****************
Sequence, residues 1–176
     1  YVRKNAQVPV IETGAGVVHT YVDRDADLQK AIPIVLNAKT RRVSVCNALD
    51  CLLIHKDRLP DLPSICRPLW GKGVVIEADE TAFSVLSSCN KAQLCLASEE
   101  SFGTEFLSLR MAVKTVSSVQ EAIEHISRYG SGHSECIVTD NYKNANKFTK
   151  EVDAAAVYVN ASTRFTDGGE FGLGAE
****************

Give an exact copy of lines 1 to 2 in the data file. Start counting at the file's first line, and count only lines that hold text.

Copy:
Sequence, residues 1–176
     1  YVRKNAQVPV IETGAGVVHT YVDRDADLQK AIPIVLNAKT RRVSVCNALD